The Pursuit of Longing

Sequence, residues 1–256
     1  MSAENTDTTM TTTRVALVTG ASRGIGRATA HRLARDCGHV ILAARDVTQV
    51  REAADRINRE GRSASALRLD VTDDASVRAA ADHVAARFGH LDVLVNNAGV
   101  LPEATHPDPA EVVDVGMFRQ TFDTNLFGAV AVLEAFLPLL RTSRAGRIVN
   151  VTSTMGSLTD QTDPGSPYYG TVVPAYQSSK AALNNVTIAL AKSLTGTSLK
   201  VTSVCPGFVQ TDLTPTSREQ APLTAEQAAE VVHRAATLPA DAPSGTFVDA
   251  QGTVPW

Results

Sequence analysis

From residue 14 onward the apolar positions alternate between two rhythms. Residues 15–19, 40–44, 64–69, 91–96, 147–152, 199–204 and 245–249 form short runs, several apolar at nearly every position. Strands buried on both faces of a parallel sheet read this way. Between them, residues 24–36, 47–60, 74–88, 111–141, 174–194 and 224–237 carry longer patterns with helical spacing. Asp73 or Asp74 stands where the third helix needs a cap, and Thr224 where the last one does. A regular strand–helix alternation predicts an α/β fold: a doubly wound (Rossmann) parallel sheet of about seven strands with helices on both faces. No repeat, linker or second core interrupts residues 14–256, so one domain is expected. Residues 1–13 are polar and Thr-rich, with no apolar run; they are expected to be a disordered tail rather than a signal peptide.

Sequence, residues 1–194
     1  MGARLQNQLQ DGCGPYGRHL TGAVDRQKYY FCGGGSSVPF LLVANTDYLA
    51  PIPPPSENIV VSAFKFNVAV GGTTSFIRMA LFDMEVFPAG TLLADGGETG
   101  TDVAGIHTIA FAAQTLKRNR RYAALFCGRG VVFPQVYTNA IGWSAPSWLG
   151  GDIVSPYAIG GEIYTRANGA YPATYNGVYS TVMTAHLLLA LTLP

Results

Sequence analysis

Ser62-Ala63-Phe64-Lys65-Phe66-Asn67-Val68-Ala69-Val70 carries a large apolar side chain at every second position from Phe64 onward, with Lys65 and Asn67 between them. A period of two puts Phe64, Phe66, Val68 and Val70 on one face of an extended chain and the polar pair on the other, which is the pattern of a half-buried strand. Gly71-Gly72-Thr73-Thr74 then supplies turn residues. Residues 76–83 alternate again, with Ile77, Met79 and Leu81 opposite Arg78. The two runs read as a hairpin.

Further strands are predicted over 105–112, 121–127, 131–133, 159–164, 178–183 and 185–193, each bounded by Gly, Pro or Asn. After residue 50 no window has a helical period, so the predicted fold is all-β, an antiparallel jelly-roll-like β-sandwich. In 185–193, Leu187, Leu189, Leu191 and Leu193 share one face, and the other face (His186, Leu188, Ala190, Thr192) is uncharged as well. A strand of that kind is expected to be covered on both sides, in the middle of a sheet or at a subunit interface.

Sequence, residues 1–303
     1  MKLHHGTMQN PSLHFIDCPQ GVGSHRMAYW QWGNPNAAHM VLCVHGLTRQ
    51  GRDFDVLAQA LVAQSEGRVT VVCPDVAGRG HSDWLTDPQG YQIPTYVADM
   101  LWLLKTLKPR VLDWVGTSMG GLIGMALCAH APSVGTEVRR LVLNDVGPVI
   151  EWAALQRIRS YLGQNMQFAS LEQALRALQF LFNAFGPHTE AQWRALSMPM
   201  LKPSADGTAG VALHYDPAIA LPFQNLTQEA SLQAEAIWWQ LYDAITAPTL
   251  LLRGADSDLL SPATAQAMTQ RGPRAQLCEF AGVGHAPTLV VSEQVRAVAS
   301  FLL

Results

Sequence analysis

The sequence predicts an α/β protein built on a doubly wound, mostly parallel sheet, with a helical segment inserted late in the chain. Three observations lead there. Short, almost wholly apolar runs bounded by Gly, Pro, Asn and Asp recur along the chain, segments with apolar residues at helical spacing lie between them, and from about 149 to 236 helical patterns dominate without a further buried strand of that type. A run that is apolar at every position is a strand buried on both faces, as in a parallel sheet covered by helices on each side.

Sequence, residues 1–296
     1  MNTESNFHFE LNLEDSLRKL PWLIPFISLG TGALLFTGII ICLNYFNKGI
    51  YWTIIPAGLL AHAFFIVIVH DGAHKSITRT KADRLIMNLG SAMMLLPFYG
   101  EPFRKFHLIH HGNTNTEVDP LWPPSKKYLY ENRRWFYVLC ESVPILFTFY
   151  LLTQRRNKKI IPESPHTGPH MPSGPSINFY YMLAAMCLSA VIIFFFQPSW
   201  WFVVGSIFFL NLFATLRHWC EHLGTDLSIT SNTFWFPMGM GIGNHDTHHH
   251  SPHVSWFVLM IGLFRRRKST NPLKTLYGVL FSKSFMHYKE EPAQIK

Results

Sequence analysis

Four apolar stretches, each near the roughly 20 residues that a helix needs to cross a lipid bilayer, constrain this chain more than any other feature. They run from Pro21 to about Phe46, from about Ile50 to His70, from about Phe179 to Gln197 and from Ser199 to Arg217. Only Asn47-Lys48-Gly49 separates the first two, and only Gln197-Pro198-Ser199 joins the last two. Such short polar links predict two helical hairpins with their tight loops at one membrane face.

I remember when I was a very little boy, around the age of three, my parents did a big mitzvah: they took in a woman who didn’t have a home of her own, and gave her room and board, and in exchange, she kept up the house and helped take care of me. The woman’s name was Ruthie. My parents tell me that Ruthie liked to keep to herself, with a sad, wistful, faraway look in her eye. Ruthie apparently had had a son once, a son whom she had lost, but she never spoke of him. Whenever my mother asked her about what happened with her son, she never wanted to discuss it. But one thing drove away her sadness: she loved me! I mean, she adored little three-year-old me. The sad, quiet Ruthie whom my parents describe doesn’t match my memories. All I remember is her unreserved smile, her laughter, her hugs, her loving touch, her carrying me and taking me everywhere with her. I remember feeling so safe and loved whenever I was around her. And my parents confirm this memory: she was a different person when she was with me. It was like her loving me filled up some kind of emptiness she had inside... And then there was the day that strange red car—that I had never seen before—pulled up in our driveway. I remember the grown-ups talking downstairs. I remember being told to play outside for a while. Then, the car was gone. And so was Ruthie. Later, I found out that on that day, out of the blue, Ruthie’s sister had shown up in that big red car. Without warning that day, she had Ruthie pack her things, and together they left for some state far away. Ruthie never said goodbye. The sisters didn’t say where they were going, and we never heard from Ruthie again. I don’t remember how I felt at the time, but looking back today, I’m certainly not angry with Ruthie. How could I be? I have no doubt about how much she loved me. She was not a woman of words. Even as a little child, I knew, I could feel deep down how much I meant to her. And to this day, I have no doubt that she simply didn’t know how to say goodbye. Her sister had shown up without warning. She was totally unprepared, and how could she find the words, how could she cope with such a goodbye to this little child who, for a brief moment of her life, filled a terrible emptiness. How could she express her gratitude, her love? I have no doubt that she would have, if she could have. If she’s still alive, wherever she may be, I hope she doesn’t feel regret. I hope she knows that I remember her, with love and with longing for her healing from her loss of her own little boy. I long for that with a longing that is really more that I can express in words... The Torah tells us the story of the end of Moses’ life. Moses says “V’Etchanan El Adonai,” “I pleaded with God at that time, saying, O Lord God, You who let Your servant see the first works of your greatness and Your mighty hand, You whose powerful deeds no god in heaven or on earth can equal! Let me, I pray, cross over and see the good land on the other side of the Jordan...” But God did not grant Moses’ request. Instead, God said to Moses, “Go up to the summit of Pisgah and gaze about, to the west, the north, the south, and the east. Look at it well, for you shall not go across yonder Jordan…” It doesn’t take much for any of us to put ourselves in Moses’ place in this life. For each and every one of us, there is a Promised Land somewhere over across the great River of Life, somewhere where we know we can’t fully arrive to, not in this lifetime, no matter how much we crave it, thirst for it, desire it…it is beyond our reach. In every one of us, there is always a place of yearning of something more to say, to do, to accomplish. We tend to go through our lives, avoiding experiences of yearning and longing, experiences of feeling life as incomplete or lacking some kind of wholeness. The name of the game for us today is the Pursuit of Happiness, after all. We are taught to make the most of life’s opportunities, always to remember to have fun and enjoy life, not to get caught up in downer spirits. We are taught that we can always drown out the blues and the dissatisfactions of life if we get a great job, a great house, we own great things, go on great vacations, get great notoriety and ‘success’—then we can overcome that gnawing tugging of our hearts in the background—right? No. Actually, we can’t. People nowadays will shop to try to cover over that inner feeling of longing. They’ll shop until they become hoarders. Others turn to alcohol or sex or drugs or food or any manner of addiction to seek to escape that feeling of incompleteness inside that society says we “shouldn’t” have. But no amount of material possessions or diversionary activities can save us from standing on that summit with Moses, knowing that we can’t fully cross over… One of the greatest privileges I have as a rabbi is that I get to perform weddings. One of the most beautiful things in the world I get to see is the shining faces of a couple looking right at me under that Huppah: faces of such love and such pure joy and happiness. We all know, of course, that the moment we wait for at a Jewish wedding (before the kiss, of course) is the moment that the glass is broken and we shout Mazel Tov! I often get the question what the breaking of the glass means. Many of us have heard that it represents remembering the destruction of the Temple in Jerusalem even at such moments of greatest joy. That answer is true, but it’s only partially true. It’s also a ritual act that captures, perhaps better than anything else, the real kind of joy that is happening at a wedding. When a couple stands under that Huppah, it’s a little taste of perfection, of perfect happiness; the Huppah becomes a little Garden of Eden. But that perfection cannot last, not in this world. We must break the spell. With the breaking of the glass, we ‘wake up’ and remember that the love and joy of that moment, as beautiful and perfect as it is, is a fleeting flash in a world where nothing lasts. I think that’s the real reason why we cry at weddings. We are overcome by longing—a longing that is really love itself welling up within us: love for that beautiful couple discovering such happiness in a world where life so quickly passes. It wasn’t for nothing that the song goes, “Is this the little girl I carried, Is this the little boy at play. I don’t remember growing older—when did they?” That plaintive song perfectly captures what I’m talking about! It’s all about yearning, longing. We Jewish people have a unique and brilliant relationship to the fundamentally human and universal capacity to long and yearn for what could be in this life. In other religious traditions, there are different responses to human longing. Some religions teach their adherents to sublimate their longings and surrender or submit to the will of the deity. Some Eastern religions talk about tangha- “desire” and “dissatisfaction” as the essence of all human suffering, the very thing that must be “extinguished” in our human nature. But we Jews, we go in the opposite direction: we embrace this longing as that which makes us most human, and closest to God. Longing and yearning are everywhere in Judaism. It is the essence of our prayers: we long for a return from exile, back to the Land of Israel, we long to rebuild Jerusalem, we long for the Mashiach. Our texts are filled with expressions of longing. “If I forget thee, O Jerusalem,” we pray. We pray never to lose our longing. We may lose everything else, but please, O God, not that yearning.. Longing and yearning lie at the very heart-center of Judaism. We are the people who yearn. Longing is the national genius of the Jewish people, the essential magic ingredient of our survival through the ages. We may have known exile and centuries of catastrophes and persecutions. And how have we collectively responded to these losses? With anger, bitterness and hatred? No. We have, as a people, always responded with an ever-deepening longing to come home, to repair the brokenness of the world that we can feel in the broken places in our hearts. So many of us are filled with concern for our lives, for our families, for the world. Some of us reflect today and wish our lives could have been better, that we had made different decisions, or that we could get back a happiness or contentment that we remember we once had. Any and all of these life situations are a variation on the theme of longing. And the brilliance of our tradition tells us: don’t run away from these dissatisfactions, these concerns, even that sadness. Don’t be afraid to embrace it. Embracing our longing, not fleeing from it, is the secret to healing our lives. In other words, we cannot pursue happiness until we pursue our longing first! When we say the Ashrei, we say the line “Poteach et yadecha, umasbia lechol chai ratzon,” It’s like we ritually become like Adam in Michelangelo’s Cistine Chapel—now with hand inverted palm up toward God’s open hand: “You, God, open Your hand, and you satisfy every living thing with ‘ratzon.’ “ What is ‘ratzon?’ It is usually translated as God’s good “will” or “favor.” But in the Zohar, our sages teach us that what ‘ratzon’ really means is ‘longing!’ What does this mean? That in some mysterious way, the act of embracing our own longing, is how we come full circle and satisfy that very longing! That God opens God’s hand to us, and satisfies us by giving us our capacity for yearning. And why is this so? It is because in truth, as Abraham Joshua Heschel taught, it is God who yearns for us. Our infinite yearning is the very image of God within us! Every time we feel that ache inside, it is God’s longing for us to come home. If you want to find the face of God in your life, seek the places where your life feels the most imperfect! When Moses stood on that summit and pleaded to cross over, perhaps that was the greatest piece of Torah he gave over in his entire life. He stands for us all. In his standing there, he shows us that if there’s anything that each and every one of us in this world has in common, it is a deep soul-knowledge that this world, this life we live is not perfected, not whole. Each and every one of us has within us a vast ocean of such depth of feeling, a sea of imponderable depths of love and kindness and goodness that we can’t possibly give over in this one little lifetime. We can try mightily, and still we fall short; ultimately we are misunderstood, we don’t make it. The great pathos of our human condition, is that it is not possible for any of us to live up to the potential of goodness that dwells within us. The myth that life is just about pursuing happiness ignores this truth. There is always a part of us that grieves over the love that we can’t give over—and to know this, to embrace it, paradoxically, is the only real wholeness—in Hebrew ‘Shalom’—the only real peace and joy. Why? Because our longing is our greatest motivator to action and to justice. When I know that I have more kindness within my soul than I can ever give over, and so do you, there’s a joining—you and me—and all I feel is compassion, the deepest empathy with you. And I am motivated to act out of kindness, as much as I can, for you. Even if we know that we can never do enough, even if we can’t save the world, or even one person, we can die trying. The greatest act of courage, the noblest of our humanity, is when we transform our yearning into action, when we reach out in kindness for the sake one another in this world. Every Mitzvah, when it’s all said and done, is yearning transformed into action. When we reach out fully knowing that we may never succeed—or perhaps we will—the success is not in the result, but in the action born of the longing itself for the sake of another’s happiness. The generation of Israelites that left Egypt journeyed for forty years and never made it to the Promised Land. It wasn’t their arrival, but their yearning will to journey forward—for the sake of their children and children’s children- that continues to inspire all future generations. “Lo aleicha hamlacha ligmor” “You are not required to finish the task,” say our ancient sages in the Mishnah, “V’lo atah ben chorin lehibatel mimenah,” “But neither are you free to desist from trying.” It doesn’t matter who you are. It doesn’t matter how much of your potential you have lived up to, or squandered. It doesn’t matter if your better years are behind you, or if you have all the material trappings of success you could want. We’re all together in this. The aching of your heart that you know so well is there in the hearts of everyone you see, of everyone you know. There are no exceptions. I got my first taste of this truth so many years ago, in Ruthie’s bittersweet and unfulfilled longing for her own child, a longing that found only a fleeting respite in her love for me; a longing that motivated her to share nothing but joy with me, despite her sadness. From Ruthie, I learned that yearning and love are not different emotions, but are really two aspects of the same One Love, a love that comes from nowhere other than God. When we acknowledge this Love, this truth, we, together, make God’s dream for us come true for one another. Rabbi Heschel, as usual, summed it up best. He said: “…he who craves for the light of God [foregoes] his ease for ardor, [and forgoes his] life for [the sake of] love, knowing that contentment[--happiness--]is the shadow, not the light. The great yearning that sweeps eternity is a yearning to praise, a yearning to serve. And when the waves of that yearning swell in our souls all the barriers are pushed aside: the crust of callousness, the hysteria of vanity, the orgies of arrogance. For it is not the I [myself] that trembles [with longing] alone, [yearning] is not a stir out of my soul [alone] but [rather yearning is] an eternal flutter that sweeps us all.” On Yom Kippur, the day of fasting, may the hunger of our souls to be a blessing ignite our deepest passions to do what we can, in our own beautiful, limited ways, to make this world a blessing.